In the face of the recent cyberattack on the U.S. government, it’s natural to examine our own vulnerabilities to cybercrime. China has proven that our personal information isn’t secure even at a national level, a level once thought to be impenetrable. Many Americans are now thinking more critically about where they place their information and whom they entrust to handle it.
The truth is so much of our private information is alarmingly accessible: bank records, investment accounts, credit card statements and even insurance policies. And so many third parties touch each of these personal information areas on a daily basis. Knowing this, you’ve likely installed anti-malware software and set up unique passwords, and you exercise caution surrounding when and where you access financial portals. But if you don’t carefully choose where your information lives and who has access to it, taking the aforementioned precautions is a lot like locking the front door but leaving a window wide open.
Let me explain the depth of vulnerability. In the Wall Street Journal article “Security Expert Marc Goodman on Cyber Crime,” Goodman notes a radical shift in cybercrime over the past decade. Bright, unchallenged teenagers were often the culprits of years past, but now hackers are predominantly affiliated with organized crime — hence the evolution of criminal software and techniques. This next generation of cybercrime puts more onus on information handlers because they have to be that much more stringent about the security precautions they take, especially given that in 60 percent of cyberattacks, trespassers were able to compromise an organization in minutes, and two-thirds of breaches remained undiscovered for months or even longer.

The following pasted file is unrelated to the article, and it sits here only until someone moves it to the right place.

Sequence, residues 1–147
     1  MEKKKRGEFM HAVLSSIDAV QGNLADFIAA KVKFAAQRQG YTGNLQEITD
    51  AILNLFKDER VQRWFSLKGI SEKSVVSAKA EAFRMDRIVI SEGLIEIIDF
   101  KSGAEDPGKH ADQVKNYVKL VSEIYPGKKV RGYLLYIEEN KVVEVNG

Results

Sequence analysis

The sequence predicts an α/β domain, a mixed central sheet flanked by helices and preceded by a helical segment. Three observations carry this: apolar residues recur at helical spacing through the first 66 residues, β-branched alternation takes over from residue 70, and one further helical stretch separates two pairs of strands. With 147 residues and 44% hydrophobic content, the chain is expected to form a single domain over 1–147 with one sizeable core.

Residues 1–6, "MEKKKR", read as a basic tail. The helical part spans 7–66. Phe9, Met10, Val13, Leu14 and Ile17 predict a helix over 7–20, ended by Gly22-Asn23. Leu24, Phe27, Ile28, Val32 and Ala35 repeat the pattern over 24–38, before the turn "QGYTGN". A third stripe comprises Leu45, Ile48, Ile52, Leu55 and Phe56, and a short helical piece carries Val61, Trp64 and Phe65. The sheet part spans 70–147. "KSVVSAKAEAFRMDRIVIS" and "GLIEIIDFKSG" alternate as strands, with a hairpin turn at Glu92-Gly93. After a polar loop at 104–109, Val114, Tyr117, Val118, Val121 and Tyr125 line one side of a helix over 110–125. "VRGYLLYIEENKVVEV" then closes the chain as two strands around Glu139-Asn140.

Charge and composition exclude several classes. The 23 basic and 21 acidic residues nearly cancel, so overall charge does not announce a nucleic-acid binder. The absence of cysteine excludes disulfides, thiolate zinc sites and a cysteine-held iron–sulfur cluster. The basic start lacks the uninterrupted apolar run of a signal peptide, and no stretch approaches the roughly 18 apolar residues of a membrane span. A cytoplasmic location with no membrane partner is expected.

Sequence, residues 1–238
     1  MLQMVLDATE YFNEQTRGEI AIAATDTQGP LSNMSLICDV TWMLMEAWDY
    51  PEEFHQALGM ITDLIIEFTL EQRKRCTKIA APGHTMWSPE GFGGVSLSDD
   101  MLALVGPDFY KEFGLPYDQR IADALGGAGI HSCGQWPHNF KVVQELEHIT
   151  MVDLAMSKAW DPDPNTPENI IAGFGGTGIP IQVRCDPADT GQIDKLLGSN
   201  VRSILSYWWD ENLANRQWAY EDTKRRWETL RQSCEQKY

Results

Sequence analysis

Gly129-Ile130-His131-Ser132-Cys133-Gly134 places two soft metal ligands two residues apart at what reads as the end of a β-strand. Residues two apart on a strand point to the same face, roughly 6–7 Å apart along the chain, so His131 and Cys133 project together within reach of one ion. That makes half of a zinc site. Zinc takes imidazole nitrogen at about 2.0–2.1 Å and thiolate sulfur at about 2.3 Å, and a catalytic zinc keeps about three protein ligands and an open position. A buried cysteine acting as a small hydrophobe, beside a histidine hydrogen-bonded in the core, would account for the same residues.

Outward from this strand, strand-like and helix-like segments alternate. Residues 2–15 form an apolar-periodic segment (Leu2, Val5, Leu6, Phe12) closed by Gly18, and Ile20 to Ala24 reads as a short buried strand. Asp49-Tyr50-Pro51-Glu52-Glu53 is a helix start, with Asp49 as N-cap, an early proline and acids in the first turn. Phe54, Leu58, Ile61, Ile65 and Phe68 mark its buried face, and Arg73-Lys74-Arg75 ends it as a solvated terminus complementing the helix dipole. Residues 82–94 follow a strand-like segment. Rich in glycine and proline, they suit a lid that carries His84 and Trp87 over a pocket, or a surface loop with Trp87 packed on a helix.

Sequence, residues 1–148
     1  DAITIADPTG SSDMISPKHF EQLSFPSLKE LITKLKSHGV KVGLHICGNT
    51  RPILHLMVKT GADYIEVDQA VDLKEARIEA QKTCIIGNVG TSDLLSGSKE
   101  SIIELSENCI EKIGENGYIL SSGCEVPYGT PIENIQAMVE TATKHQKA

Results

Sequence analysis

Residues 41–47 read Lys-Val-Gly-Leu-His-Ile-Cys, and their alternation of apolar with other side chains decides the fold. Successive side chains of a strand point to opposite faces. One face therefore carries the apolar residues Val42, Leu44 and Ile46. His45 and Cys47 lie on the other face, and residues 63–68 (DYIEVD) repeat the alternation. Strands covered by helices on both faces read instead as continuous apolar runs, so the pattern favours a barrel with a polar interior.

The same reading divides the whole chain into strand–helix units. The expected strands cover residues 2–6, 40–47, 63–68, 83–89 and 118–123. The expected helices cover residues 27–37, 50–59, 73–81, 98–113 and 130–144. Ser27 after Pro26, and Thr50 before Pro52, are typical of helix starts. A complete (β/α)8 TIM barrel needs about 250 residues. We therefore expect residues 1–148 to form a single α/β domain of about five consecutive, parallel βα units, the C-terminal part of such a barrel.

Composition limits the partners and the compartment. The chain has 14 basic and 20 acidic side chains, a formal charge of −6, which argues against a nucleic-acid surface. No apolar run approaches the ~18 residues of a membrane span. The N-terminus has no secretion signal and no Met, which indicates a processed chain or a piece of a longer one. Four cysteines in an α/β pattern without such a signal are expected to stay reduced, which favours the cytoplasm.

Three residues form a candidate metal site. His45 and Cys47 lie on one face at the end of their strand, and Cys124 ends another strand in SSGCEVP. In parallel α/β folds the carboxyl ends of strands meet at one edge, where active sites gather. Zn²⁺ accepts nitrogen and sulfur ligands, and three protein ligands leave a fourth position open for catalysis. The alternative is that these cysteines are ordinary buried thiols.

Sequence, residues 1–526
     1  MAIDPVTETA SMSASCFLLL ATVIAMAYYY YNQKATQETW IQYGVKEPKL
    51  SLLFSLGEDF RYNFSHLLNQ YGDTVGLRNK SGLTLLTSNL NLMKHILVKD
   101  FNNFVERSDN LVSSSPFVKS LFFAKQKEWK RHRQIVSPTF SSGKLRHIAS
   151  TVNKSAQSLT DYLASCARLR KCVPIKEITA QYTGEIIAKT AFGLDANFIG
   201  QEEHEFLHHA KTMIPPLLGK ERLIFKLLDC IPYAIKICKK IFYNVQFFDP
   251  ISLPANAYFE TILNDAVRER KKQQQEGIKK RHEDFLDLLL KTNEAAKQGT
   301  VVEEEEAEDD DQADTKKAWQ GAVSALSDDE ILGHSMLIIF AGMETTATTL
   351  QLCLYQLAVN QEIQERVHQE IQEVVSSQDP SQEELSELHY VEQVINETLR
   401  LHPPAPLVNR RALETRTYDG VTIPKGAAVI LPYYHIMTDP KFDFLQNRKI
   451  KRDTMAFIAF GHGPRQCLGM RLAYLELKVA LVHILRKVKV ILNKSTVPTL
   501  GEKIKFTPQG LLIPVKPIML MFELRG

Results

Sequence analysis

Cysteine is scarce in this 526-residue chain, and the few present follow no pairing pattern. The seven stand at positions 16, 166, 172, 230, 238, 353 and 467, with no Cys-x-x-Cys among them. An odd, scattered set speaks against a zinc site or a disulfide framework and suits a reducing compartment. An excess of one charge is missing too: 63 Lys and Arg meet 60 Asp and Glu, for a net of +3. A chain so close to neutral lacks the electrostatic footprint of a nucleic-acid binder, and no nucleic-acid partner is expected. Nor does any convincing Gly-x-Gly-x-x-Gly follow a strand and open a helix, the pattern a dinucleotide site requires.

But security breaches aren’t just tech slipups or unlocked portals. In fact, most of these organizations have adopted and follow strict security measures. But the reason that doesn’t guarantee immunity is there’s another layer of vulnerability in play: the human factor. Even if employees – or the company — aren’t selling your information to a third party (which is often a risk), how carefully are they following protocols and company procedures? Are they well trained to respond in the event of a breach? Trust is the most important part of the equation and it’s hard to come by, especially when the trust is from a distance.
To close the vulnerability gap, you’ll want to think about information access in three ways: who currently has it, who should have it and who do you want to have it? Mitigate your risk of an information leak by cultivating a group of information guards you trust.
Visit Legacy Shield to discover options for keeping all your information in one safe, trusted place.